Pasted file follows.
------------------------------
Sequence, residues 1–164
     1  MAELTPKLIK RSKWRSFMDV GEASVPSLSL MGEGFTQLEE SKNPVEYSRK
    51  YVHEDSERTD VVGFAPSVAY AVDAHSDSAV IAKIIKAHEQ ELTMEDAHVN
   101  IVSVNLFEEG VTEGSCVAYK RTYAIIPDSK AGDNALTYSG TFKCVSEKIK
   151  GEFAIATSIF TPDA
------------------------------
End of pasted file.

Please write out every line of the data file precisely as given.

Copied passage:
Sequence, residues 1–164
     1  MAELTPKLIK RSKWRSFMDV GEASVPSLSL MGEGFTQLEE SKNPVEYSRK
    51  YVHEDSERTD VVGFAPSVAY AVDAHSDSAV IAKIIKAHEQ ELTMEDAHVN
   101  IVSVNLFEEG VTEGSCVAYK RTYAIIPDSK AGDNALTYSG TFKCVSEKIK
   151  GEFAIATSIF TPDA